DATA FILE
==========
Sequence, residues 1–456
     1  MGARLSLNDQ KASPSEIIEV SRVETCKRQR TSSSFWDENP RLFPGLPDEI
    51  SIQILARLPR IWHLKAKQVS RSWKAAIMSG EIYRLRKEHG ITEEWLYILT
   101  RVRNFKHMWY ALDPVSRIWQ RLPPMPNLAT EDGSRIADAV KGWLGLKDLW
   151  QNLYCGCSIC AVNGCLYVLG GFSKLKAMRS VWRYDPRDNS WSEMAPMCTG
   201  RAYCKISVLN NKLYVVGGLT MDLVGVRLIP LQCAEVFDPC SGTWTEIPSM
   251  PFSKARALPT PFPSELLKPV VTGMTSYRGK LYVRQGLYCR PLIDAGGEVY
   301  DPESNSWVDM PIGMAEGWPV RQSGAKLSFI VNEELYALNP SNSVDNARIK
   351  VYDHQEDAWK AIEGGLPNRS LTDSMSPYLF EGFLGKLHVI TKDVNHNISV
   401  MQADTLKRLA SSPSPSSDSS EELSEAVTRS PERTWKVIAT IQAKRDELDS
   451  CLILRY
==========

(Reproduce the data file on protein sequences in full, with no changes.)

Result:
Sequence, residues 1–456
     1  MGARLSLNDQ KASPSEIIEV SRVETCKRQR TSSSFWDENP RLFPGLPDEI
    51  SIQILARLPR IWHLKAKQVS RSWKAAIMSG EIYRLRKEHG ITEEWLYILT
   101  RVRNFKHMWY ALDPVSRIWQ RLPPMPNLAT EDGSRIADAV KGWLGLKDLW
   151  QNLYCGCSIC AVNGCLYVLG GFSKLKAMRS VWRYDPRDNS WSEMAPMCTG
   201  RAYCKISVLN NKLYVVGGLT MDLVGVRLIP LQCAEVFDPC SGTWTEIPSM
   251  PFSKARALPT PFPSELLKPV VTGMTSYRGK LYVRQGLYCR PLIDAGGEVY
   301  DPESNSWVDM PIGMAEGWPV RQSGAKLSFI VNEELYALNP SNSVDNARIK
   351  VYDHQEDAWK AIEGGLPNRS LTDSMSPYLF EGFLGKLHVI TKDVNHNISV
   401  MQADTLKRLA SSPSPSSDSS EELSEAVTRS PERTWKVIAT IQAKRDELDS
   451  CLILRY